Stack and Heap Overflows: Different Animals
Stack overflows and heap overflows are different animals. Heap overflows are much more subtle, but there are some dev tools for you to use. Microsoft's David LeBlanc developed SafeInt class, a replacement integer class for which operators have been overwritten to force safe handling. (I always thought operator overriding was one of the stupider features of C++; this is the first compelling application I've seen of it.) There's also an intsafe library for C development. But even with such safeguards in place, things can go wrong. Want a good example of how wrong things can go? Consider this US Cert alert that talks about how C compiler optimizations can end up "optimizing away" code inserted to detect and prevent overflows. The alert was inspired by an actual problem in gcc, but any optimizing compiler should be inspected for this sort of problem. In fact, LeBlanc was concerned enough to check how SafeInt was handled. I'm not clear from his blog if he had a problem or not, but I think not.Security Center Editor Larry Seltzer has worked in and written about the computer industry since 1983. For insights on security coverage around the Web, take a look at eWEEK.com Security Center Editor Larry Seltzer's blog Cheap Hack.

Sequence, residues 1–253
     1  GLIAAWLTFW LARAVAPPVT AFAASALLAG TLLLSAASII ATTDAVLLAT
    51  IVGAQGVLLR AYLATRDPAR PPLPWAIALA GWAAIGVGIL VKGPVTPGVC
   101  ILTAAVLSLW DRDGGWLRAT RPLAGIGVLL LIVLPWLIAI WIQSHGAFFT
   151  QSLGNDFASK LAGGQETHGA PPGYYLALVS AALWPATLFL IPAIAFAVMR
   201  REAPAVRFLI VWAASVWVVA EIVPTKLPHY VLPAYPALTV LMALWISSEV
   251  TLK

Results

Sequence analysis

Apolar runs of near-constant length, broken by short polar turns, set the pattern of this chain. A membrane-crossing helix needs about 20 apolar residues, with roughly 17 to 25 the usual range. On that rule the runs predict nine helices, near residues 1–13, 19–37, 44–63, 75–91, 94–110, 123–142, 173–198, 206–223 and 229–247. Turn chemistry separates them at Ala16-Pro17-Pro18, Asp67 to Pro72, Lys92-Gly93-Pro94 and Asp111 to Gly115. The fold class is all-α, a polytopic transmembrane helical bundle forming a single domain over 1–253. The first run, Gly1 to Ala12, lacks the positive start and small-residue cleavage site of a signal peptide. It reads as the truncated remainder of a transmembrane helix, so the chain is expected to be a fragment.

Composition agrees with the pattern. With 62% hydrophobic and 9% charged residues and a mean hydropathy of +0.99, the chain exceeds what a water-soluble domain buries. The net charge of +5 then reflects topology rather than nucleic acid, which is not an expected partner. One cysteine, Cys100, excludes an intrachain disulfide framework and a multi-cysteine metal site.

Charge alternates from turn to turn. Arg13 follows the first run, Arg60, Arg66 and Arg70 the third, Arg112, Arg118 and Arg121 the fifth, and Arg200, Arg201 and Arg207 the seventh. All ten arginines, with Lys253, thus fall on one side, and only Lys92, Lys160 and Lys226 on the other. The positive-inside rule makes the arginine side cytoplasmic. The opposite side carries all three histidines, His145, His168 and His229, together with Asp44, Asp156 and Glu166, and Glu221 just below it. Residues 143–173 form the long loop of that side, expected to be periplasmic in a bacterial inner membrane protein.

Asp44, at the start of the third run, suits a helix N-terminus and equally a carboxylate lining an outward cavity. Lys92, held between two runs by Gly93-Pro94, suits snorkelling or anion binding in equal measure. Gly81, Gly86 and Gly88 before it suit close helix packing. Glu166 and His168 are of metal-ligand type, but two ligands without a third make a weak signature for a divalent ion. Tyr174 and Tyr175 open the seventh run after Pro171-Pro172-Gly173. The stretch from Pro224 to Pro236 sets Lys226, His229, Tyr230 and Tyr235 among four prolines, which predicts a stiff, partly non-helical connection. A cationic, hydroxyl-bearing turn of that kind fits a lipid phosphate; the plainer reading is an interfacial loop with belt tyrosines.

People at Microsoft tell me that the vulnerabilities they're finding these days, especially on old code, are very obscure and difficult to exploit. It's true that the overall numbers and overall severity of vulnerabilities in Windows is way down from what it was in previous years. They never claimed that they could eliminate all vulnerabilities or even all overflows. These things will always be with us, and it's a testament to how complicated software is these days that it can't be completely secured.